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Is There a Male Will in Stoicism?

The Case of Aggression

Jula Wildberger    The American University of Paris, France    

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abstract

Seneca characterises Stoicism as a philosophy for men. Stoic authors offer ample opportunities for a misogynist to feel validated, as Donna Zuckerberg (2018) shows. Focusing on Seneca’s account of anger, I argue that references to hegemonic masculinity are a therapeutic device to address a cause for weakness of assent: agents’ ignorance of their own strength and the erroneous belief that what they recognise as the right thing to do is too hard for them. However, the hypermasculine framing of this therapy is not essential. Stoic excellence is gender neutral. What is at stake is not manhood but maturity: that one comes to see one’s innate strength and assumes responsibility for oneself.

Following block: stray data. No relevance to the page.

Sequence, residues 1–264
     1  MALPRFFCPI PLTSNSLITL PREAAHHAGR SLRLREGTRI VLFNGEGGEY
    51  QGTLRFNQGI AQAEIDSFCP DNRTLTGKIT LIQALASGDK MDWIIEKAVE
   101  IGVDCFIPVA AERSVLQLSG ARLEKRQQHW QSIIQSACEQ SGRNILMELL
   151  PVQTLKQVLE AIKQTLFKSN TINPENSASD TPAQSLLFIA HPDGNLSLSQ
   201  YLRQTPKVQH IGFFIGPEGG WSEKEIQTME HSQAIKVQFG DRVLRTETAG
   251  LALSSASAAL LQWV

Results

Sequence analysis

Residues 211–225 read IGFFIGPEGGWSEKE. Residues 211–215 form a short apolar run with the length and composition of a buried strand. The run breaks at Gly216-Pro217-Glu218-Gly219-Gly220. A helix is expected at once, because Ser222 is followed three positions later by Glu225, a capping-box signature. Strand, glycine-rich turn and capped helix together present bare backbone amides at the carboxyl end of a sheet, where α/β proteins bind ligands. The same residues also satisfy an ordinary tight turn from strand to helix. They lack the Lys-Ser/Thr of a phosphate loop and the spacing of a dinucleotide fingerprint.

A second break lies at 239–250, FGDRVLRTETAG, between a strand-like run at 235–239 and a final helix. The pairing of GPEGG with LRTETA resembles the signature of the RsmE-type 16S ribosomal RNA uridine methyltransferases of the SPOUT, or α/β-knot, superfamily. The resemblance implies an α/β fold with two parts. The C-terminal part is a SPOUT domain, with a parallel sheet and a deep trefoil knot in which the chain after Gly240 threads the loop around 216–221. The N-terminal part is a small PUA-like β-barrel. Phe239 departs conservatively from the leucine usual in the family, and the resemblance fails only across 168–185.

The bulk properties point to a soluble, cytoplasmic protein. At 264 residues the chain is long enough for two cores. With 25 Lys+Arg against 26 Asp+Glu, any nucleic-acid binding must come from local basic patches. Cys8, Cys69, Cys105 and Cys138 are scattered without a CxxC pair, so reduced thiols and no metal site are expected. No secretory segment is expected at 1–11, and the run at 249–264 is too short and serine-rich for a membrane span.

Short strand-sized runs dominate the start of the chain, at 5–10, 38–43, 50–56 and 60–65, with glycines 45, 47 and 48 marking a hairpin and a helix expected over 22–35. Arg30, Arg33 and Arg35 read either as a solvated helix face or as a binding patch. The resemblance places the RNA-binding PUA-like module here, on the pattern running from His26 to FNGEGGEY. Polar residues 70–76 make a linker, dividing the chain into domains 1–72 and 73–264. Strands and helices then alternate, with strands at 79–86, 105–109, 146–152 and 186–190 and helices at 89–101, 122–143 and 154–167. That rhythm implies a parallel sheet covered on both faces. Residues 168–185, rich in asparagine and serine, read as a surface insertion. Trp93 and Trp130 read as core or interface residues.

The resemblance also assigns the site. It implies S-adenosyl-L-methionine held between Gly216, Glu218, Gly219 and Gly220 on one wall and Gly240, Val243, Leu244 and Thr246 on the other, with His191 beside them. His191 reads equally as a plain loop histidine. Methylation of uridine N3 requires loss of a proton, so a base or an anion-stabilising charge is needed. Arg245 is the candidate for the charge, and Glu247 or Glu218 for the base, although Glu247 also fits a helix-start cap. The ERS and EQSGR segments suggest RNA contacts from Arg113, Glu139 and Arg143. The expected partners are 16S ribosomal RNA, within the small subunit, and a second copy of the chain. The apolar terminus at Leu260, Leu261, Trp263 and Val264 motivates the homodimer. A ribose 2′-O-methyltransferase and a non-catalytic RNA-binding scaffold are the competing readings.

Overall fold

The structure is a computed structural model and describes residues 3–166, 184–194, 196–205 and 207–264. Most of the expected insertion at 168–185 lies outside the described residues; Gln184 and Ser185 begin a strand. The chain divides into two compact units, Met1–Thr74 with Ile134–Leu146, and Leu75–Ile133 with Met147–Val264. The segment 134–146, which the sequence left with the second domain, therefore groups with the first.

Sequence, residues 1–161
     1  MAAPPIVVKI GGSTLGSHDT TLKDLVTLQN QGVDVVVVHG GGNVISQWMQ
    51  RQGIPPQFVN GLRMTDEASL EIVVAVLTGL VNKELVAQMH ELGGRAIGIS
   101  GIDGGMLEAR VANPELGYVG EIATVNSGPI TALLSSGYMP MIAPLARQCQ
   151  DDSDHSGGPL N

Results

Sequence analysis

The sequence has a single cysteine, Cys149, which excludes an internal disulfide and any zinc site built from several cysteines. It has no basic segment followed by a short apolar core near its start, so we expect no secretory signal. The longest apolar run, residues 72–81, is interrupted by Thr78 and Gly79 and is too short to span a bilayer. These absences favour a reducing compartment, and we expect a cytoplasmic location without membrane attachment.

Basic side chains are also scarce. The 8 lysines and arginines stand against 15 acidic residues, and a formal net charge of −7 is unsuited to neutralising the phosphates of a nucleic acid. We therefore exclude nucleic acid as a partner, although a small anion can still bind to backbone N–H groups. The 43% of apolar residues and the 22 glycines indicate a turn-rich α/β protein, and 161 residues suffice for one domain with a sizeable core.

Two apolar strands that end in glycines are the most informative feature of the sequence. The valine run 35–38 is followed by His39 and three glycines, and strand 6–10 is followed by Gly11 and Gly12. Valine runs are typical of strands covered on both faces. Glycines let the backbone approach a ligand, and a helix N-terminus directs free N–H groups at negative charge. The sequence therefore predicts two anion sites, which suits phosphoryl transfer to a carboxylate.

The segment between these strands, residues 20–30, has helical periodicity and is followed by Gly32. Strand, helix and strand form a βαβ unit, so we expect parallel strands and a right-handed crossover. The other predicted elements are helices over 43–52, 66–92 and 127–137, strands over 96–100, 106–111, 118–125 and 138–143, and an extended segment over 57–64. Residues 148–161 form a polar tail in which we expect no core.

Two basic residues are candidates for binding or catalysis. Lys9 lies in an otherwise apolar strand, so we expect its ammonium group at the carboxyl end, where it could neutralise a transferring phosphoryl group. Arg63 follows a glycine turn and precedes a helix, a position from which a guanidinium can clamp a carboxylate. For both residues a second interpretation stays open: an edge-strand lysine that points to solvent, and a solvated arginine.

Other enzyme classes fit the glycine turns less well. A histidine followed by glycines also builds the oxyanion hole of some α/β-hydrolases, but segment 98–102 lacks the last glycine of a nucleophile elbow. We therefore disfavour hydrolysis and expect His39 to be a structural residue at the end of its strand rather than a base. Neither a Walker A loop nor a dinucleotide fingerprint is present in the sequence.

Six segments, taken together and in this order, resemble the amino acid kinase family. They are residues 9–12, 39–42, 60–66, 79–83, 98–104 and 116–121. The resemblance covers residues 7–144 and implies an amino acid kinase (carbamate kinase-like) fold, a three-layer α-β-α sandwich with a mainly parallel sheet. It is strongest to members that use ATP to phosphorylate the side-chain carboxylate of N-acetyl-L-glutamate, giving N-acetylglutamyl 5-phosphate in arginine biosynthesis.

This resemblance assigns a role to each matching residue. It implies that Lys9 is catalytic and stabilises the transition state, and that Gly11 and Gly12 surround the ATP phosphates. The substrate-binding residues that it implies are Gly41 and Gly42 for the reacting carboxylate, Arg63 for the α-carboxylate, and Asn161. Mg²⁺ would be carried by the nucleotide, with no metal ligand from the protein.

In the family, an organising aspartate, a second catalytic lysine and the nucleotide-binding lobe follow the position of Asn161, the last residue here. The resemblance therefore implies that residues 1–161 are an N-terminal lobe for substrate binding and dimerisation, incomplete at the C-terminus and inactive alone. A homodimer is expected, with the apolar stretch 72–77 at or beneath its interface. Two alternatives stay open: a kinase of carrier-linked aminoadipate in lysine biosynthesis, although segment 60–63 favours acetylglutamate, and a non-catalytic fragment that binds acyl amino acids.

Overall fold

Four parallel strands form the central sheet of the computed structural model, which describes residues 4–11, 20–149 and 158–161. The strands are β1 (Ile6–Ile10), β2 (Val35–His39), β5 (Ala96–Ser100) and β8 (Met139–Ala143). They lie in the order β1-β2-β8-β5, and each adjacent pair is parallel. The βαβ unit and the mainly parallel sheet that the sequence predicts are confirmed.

Published
Dec. 13, 2021
Accepted
Nov. 23, 2021
Submitted
April 26, 2021
Language
EN
ISBN (PRINT)
978-88-6969-584-1
ISBN (EBOOK)
978-88-6969-583-4
Copyright: © 2021 Jula Wildberger. This is an open-access work distributed under the terms of the Creative Commons Attribution License (CC BY). The use, distribution or reproduction is permitted, provided that the original author(s) and the copyright owner(s) are credited and that the original publication is cited, in accordance with accepted academic practice. The license allows for commercial use. No use, distribution or reproduction is permitted which does not comply with these terms.